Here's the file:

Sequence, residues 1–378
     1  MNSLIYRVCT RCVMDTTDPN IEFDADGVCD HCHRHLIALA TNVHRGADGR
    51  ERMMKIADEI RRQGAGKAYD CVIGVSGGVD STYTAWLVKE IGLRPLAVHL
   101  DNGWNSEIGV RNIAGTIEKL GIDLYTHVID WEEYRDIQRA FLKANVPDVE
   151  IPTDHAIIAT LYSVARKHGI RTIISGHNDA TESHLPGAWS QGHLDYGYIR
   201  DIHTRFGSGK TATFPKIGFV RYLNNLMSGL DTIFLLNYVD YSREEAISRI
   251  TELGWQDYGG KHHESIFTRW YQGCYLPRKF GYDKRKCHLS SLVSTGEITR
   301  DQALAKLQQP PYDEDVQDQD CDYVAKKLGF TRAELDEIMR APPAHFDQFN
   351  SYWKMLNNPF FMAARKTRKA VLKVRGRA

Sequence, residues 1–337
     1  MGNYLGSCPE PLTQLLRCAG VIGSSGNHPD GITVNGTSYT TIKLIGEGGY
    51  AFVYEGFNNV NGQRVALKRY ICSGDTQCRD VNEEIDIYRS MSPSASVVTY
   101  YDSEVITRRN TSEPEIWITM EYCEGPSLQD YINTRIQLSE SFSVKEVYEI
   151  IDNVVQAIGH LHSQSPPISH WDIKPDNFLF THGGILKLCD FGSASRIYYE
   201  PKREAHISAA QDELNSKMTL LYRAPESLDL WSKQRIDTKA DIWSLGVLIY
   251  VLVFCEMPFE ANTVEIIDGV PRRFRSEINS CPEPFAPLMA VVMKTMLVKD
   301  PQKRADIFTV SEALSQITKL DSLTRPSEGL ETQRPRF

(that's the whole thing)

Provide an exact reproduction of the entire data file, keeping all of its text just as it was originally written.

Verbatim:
Sequence, residues 1–378
     1  MNSLIYRVCT RCVMDTTDPN IEFDADGVCD HCHRHLIALA TNVHRGADGR
    51  ERMMKIADEI RRQGAGKAYD CVIGVSGGVD STYTAWLVKE IGLRPLAVHL
   101  DNGWNSEIGV RNIAGTIEKL GIDLYTHVID WEEYRDIQRA FLKANVPDVE
   151  IPTDHAIIAT LYSVARKHGI RTIISGHNDA TESHLPGAWS QGHLDYGYIR
   201  DIHTRFGSGK TATFPKIGFV RYLNNLMSGL DTIFLLNYVD YSREEAISRI
   251  TELGWQDYGG KHHESIFTRW YQGCYLPRKF GYDKRKCHLS SLVSTGEITR
   301  DQALAKLQQP PYDEDVQDQD CDYVAKKLGF TRAELDEIMR APPAHFDQFN
   351  SYWKMLNNPF FMAARKTRKA VLKVRGRA

Sequence, residues 1–337
     1  MGNYLGSCPE PLTQLLRCAG VIGSSGNHPD GITVNGTSYT TIKLIGEGGY
    51  AFVYEGFNNV NGQRVALKRY ICSGDTQCRD VNEEIDIYRS MSPSASVVTY
   101  YDSEVITRRN TSEPEIWITM EYCEGPSLQD YINTRIQLSE SFSVKEVYEI
   151  IDNVVQAIGH LHSQSPPISH WDIKPDNFLF THGGILKLCD FGSASRIYYE
   201  PKREAHISAA QDELNSKMTL LYRAPESLDL WSKQRIDTKA DIWSLGVLIY
   251  VLVFCEMPFE ANTVEIIDGV PRRFRSEINS CPEPFAPLMA VVMKTMLVKD
   301  PQKRADIFTV SEALSQITKL DSLTRPSEGL ETQRPRF